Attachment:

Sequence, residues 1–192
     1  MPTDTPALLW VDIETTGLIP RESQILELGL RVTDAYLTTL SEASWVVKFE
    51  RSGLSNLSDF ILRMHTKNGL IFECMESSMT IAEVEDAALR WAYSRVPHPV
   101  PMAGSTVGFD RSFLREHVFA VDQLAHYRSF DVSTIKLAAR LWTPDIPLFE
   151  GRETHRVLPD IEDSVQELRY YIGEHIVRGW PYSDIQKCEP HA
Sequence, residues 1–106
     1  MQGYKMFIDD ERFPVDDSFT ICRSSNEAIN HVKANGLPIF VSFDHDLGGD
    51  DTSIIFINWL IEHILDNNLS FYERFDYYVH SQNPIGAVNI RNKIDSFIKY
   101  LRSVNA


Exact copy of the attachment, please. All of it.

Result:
Sequence, residues 1–192
     1  MPTDTPALLW VDIETTGLIP RESQILELGL RVTDAYLTTL SEASWVVKFE
    51  RSGLSNLSDF ILRMHTKNGL IFECMESSMT IAEVEDAALR WAYSRVPHPV
   101  PMAGSTVGFD RSFLREHVFA VDQLAHYRSF DVSTIKLAAR LWTPDIPLFE
   151  GRETHRVLPD IEDSVQELRY YIGEHIVRGW PYSDIQKCEP HA
Sequence, residues 1–106
     1  MQGYKMFIDD ERFPVDDSFT ICRSSNEAIN HVKANGLPIF VSFDHDLGGD
    51  DTSIIFINWL IEHILDNNLS FYERFDYYVH SQNPIGAVNI RNKIDSFIKY
   101  LRSVNA